A few notes. If you want a longer shelf life on your dressings, use dried herbs, garlic and onion. Their low water content will help your dressing last longer in the fridge. Gonna use it up quickly? By all means use fresh.

  • Garlic Powder. 1/8 tsp dried = 1 clove or ½ tsp minced fresh.
  • Onion Powder: 1 tsp dried = 1 tbsp dried flakes or 1/3 cup fresh chopped.
  • Most herbs: 1 tsp dried = 2 tsp to 1 tbsp fresh. (I’ve seen both “divide fresh by 3” and “divide fresh by 2” recommendations. If your dried herbs are more than about 6 months old, divide a fresh recommendation by 2 as they won’t be as strong.
  • Dried powdered mustard vs prepared bottled mustard. Rounded 1/4 tsp dried = 1 tsp bottled.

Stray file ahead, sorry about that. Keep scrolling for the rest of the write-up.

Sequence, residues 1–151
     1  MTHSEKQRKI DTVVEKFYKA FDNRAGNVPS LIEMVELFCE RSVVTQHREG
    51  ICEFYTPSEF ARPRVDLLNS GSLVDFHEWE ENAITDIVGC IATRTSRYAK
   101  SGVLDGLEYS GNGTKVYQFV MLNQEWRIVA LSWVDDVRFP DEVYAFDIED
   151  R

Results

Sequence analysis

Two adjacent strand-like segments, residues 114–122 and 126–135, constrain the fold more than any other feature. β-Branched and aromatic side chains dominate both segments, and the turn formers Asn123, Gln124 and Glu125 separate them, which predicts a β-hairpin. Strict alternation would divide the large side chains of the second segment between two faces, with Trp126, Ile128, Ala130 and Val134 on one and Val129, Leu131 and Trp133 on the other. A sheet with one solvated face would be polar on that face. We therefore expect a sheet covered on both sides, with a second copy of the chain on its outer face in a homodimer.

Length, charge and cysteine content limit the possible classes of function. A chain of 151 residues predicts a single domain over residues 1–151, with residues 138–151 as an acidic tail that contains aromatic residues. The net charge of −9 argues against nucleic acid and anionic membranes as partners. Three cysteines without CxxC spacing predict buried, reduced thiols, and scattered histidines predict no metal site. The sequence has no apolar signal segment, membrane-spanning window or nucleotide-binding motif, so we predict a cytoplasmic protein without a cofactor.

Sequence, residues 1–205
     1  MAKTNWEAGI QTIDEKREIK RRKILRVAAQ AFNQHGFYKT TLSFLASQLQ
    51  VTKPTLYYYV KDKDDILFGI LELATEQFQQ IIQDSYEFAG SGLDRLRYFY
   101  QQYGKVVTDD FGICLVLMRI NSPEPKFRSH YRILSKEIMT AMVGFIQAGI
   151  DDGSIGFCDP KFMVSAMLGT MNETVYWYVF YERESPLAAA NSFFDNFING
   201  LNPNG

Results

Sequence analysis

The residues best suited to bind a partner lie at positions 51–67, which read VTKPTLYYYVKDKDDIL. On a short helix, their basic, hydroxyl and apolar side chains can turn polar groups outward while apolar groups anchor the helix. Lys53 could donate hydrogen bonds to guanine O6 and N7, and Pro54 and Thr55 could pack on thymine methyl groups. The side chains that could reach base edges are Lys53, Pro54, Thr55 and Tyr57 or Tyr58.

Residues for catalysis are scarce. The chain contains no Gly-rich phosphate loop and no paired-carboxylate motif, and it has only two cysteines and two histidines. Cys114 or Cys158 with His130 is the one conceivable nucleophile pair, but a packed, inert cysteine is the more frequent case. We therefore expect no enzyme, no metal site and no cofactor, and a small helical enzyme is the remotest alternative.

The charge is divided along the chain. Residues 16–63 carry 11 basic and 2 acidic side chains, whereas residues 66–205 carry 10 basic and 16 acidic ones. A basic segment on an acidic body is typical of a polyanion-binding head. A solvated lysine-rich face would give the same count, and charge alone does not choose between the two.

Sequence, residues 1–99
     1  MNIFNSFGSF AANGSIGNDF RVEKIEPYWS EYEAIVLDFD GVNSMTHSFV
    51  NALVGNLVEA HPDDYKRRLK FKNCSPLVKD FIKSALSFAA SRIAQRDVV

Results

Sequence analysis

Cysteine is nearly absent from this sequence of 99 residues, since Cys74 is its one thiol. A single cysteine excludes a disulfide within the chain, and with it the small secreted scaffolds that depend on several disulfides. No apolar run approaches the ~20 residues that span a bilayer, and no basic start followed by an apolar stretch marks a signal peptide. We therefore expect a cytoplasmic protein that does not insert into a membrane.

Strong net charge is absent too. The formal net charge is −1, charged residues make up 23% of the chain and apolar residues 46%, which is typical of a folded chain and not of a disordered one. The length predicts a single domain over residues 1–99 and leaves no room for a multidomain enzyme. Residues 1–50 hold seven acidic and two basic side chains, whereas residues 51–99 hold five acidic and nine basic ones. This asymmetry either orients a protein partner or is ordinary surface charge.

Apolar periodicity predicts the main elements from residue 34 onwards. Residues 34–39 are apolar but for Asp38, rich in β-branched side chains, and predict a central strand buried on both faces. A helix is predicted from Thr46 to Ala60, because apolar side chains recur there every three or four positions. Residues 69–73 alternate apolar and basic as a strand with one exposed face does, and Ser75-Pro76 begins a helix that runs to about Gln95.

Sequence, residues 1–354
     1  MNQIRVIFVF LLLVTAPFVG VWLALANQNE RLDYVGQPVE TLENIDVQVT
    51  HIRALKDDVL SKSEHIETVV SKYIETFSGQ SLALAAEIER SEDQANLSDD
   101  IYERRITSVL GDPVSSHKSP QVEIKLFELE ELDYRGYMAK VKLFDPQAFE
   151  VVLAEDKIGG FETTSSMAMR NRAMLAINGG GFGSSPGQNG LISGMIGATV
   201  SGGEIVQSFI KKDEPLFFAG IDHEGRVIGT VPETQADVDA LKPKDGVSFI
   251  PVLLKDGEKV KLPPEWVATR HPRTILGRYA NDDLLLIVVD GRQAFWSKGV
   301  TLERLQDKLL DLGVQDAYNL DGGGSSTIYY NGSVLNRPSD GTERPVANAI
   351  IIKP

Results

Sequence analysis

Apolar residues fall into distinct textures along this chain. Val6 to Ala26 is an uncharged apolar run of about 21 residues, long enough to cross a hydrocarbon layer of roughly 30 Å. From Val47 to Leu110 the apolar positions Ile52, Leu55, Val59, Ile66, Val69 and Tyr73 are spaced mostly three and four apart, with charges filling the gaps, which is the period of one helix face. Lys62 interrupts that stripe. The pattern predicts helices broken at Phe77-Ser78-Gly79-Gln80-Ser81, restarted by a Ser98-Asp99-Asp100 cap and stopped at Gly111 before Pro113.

• Tbsp = tablespoon. Tsp = teaspoon. There are three teaspoons in one tablespoon.

The general recommendation by America’s Test Kitchen on vinaigrette is 3 parts oil to 1 part acid/vinegar. If you are watching your calorie intake (oils have about 120 calories per tablespoon, which can add up fast) you can use less oil. I promise the vinaigrette police won’t come to your house.

Speaking of bottles, a lot of this recipe advice is adapted from those Kolder and Norpro bottles with the preprinted dressing recipes on the side. I’ve had them for years. I use the recipes as a starting point for what I’m making, without following the exact measurements suggested on the bottle. I love these bottles because they are tall and skinny, so they store easily in my fridge door (I have SO MANY mason jars in there already. I don’t want more) and the seal is good on them, so they don’t tend to leak when shaken. I prefer the Kolder to the Norpro because the flip top on the Norpro wears out quickly.